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Jehovah’s Witnesses



Be a Good Communicator

Be a Good Communicator

Try to be available when your child is ready to talk

“I have learned to listen, listen, listen. It does not matter how tired I am.”—MIRANDA, SOUTH AFRICA.

The challenge.

“My challenge,” says Cristina, “is not just being with my daughter but being present mentally and emotionally despite all my other responsibilities and my tiredness.”


Create an environment of open communication. “I try to set the example,” says Elizabeth, a mother of five, “and my children open up to me. I also encourage them to communicate with one another and never to go to bed angry with a sibling. What is more, they know that I do not tolerate ‘the silent treatment’—their refusing to talk to one another.”

Do not tune your children out. “When my son was small,” writes Lyanne, “he was such a chatterbox that I tuned him out a lot. Then, when he became a teenager, he stopped communicating, and I realized that I had made a huge mistake. I worked really hard—too hard, in fact—to break down the wall. I spoke about this with an elder in my congregation. He advised me to relax and to ease gently into conversations with my son. I took his advice, and slowly things began to improve.”

Be patient. There is “a time to keep quiet and a time to speak,” says Ecclesiastes 3:7. “When my children didn’t feel like talking,” says Dulce, a mother of three, “I made sure that they knew I was available when they were ready to talk.” Yes, instead of forcing communication, warmly and patiently invite it. This is the course the Bible recommends. “A person’s thoughts are like water in a deep well, but someone with insight can draw them out.”Proverbs 20:5, Good News Translation.

Be “swift about hearing, slow about speaking.” (James 1:19) Lizaan, quoted in the preceding article, says: “I had to learn to bite my tongue when my children came with a problem. I also had to learn not to be too quick to offer advice but to speak calmly when dealing with upsetting issues.” Leasa, a mother of two boys, writes: “I have not always been a model listener. At times, my sons’ issues seemed trivial to me, so I had to learn to be more understanding.”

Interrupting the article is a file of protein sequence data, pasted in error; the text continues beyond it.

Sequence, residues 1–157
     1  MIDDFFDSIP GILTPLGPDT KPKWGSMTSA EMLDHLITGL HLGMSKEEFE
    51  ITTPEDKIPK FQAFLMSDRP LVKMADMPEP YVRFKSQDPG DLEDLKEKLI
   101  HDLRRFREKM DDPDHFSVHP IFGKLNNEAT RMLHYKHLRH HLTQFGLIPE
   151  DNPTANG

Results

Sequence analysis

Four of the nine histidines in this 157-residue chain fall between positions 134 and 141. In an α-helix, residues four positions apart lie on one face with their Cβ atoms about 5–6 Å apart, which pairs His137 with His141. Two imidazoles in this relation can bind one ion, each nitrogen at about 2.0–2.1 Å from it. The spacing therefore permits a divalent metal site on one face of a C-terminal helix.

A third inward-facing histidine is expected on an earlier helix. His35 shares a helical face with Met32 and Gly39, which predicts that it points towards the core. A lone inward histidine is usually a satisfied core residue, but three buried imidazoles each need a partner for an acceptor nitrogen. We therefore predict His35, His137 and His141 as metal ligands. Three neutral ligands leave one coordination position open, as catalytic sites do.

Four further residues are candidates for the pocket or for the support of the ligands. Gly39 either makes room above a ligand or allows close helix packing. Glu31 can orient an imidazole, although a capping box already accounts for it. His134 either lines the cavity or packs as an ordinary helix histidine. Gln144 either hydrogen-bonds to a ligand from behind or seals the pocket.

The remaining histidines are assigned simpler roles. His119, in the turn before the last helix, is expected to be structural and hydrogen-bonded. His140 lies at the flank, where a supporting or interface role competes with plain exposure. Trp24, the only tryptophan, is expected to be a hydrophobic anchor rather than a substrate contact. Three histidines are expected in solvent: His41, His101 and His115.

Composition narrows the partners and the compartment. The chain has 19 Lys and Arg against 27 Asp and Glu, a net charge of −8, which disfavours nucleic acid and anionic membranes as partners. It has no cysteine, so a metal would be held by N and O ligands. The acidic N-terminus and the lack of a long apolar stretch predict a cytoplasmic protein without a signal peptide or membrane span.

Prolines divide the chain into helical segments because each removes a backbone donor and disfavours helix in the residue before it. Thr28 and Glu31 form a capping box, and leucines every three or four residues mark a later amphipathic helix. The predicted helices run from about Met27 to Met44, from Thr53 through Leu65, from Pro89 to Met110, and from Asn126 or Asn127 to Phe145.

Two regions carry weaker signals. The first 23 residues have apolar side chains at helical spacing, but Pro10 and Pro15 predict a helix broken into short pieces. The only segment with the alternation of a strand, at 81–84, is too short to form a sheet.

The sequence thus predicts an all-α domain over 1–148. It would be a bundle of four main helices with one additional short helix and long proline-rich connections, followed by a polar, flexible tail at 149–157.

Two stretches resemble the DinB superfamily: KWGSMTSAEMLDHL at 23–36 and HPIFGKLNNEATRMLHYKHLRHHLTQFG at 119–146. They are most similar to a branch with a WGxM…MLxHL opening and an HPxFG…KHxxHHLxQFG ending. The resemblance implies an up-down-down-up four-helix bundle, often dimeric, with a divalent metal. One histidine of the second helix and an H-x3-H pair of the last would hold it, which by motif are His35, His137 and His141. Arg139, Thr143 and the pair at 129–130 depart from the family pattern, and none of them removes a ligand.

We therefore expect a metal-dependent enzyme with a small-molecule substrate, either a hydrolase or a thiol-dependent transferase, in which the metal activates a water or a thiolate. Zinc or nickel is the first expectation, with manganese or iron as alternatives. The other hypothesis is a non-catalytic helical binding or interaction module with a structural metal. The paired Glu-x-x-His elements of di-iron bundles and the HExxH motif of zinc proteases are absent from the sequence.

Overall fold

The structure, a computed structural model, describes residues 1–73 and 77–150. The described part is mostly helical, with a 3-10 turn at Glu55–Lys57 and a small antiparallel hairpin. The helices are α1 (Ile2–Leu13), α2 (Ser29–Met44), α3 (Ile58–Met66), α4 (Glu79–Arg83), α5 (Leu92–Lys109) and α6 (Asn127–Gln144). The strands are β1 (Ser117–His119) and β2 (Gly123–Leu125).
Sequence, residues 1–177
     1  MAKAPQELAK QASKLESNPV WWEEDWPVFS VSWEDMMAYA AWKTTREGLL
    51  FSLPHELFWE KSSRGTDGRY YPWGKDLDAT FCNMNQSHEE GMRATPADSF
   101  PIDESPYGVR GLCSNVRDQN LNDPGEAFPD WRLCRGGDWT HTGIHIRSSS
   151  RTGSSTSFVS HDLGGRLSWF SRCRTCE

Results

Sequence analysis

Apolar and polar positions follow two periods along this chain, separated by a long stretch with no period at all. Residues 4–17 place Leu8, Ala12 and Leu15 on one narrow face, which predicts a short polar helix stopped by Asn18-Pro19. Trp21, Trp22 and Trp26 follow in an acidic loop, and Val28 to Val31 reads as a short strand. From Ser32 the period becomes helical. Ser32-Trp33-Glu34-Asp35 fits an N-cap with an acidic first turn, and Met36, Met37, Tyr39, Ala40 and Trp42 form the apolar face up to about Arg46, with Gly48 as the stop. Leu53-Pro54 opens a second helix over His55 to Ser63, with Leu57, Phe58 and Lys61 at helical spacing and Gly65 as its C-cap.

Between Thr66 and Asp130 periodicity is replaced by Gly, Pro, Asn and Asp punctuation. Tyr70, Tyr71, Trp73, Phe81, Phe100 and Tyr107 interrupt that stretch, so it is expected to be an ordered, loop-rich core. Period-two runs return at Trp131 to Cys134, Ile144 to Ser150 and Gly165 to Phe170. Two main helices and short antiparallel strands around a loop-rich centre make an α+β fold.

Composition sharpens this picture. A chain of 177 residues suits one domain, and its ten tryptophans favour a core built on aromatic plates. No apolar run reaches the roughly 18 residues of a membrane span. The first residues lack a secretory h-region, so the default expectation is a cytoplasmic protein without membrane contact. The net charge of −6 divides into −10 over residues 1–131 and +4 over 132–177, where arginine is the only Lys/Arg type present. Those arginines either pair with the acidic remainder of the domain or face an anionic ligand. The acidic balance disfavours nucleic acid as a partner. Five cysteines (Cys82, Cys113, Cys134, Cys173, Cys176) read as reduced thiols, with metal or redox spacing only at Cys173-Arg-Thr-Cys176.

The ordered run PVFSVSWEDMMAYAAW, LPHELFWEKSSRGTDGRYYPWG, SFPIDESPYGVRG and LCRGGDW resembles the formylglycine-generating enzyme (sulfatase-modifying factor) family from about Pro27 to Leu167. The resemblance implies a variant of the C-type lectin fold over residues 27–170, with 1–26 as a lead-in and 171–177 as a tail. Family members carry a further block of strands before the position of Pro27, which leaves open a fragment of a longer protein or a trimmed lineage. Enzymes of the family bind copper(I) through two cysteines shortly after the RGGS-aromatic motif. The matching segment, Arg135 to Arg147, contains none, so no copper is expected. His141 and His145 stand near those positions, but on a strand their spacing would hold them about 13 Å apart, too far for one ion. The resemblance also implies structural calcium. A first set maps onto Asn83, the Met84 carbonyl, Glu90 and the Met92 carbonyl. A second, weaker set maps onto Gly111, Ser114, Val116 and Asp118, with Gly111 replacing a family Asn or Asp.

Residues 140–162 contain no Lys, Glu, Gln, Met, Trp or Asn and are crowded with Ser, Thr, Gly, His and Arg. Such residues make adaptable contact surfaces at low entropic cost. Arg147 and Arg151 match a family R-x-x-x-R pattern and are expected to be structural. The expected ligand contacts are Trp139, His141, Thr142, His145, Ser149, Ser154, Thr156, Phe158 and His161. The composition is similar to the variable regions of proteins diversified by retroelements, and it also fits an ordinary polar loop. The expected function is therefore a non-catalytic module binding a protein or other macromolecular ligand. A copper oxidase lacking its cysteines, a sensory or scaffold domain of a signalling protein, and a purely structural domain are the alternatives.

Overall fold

“Let your utterance be always with graciousness.” (Colossians 4:6) “In order not to hinder our communication,” says Lyanne, “I have had to make a conscious effort to stay as calm and relaxed as possible, even when serious matters come up.”

If you fail to make a conscious effort to stay calm, you may lose your temper and shout, which can be harmful in more ways than one! (Ephesians 4:31) For example, shouting at a child may stifle communication and foster problem behavior. “A child is like a seashell,” says Heidi, who has a teenage daughter. “If you speak kindly and lovingly, the child will open up. If you shout and belittle him or her, the ‘shell’ closes and communication stops. To remind me of this fact, I have a picture of an open seashell on our refrigerator.”

Know your children. “My two sons are quite different,” says Yasmin, quoted earlier. “One is talkative; the other is reserved. With the quiet one, I learned that it’s best not to confront him directly. Instead, I talk to him while we are engaged in something else, such as a board game, or while he is talking about a topic that interests him. In that setting, I tactfully ask how he feels about a matter.”

What if a boy feels awkward talking to his mother about certain personal things, as did Misao’s adolescent son. “You just don’t understand me,” he said. She sought help from a mature, trustworthy male in her congregation. “He has become my son’s mentor, and now my son has a calm heart,” says Misao.

Do not confuse the role of parent with that of friend. “I made my teenage daughter my confidant,” says Iwona, a mother of two. “Although I knew it was not right, I fell into that trap and had to correct my mistake.” Although you want to have a warm relationship with your child, remember that you are the parent, the authority figure. When you maintain your dignity and show your maturity and stability, you make it easier for your children to honor you and to heed the Bible’s command: “Children, be obedient to your parents.”Ephesians 6:1, 2.

“Love [your] children.” (Titus 2:4) Children need love as much as they need food and drink! So regularly reassure them of your love—in word and deed! They, in turn, will feel not only more secure but also more willing to talk with you and obey you.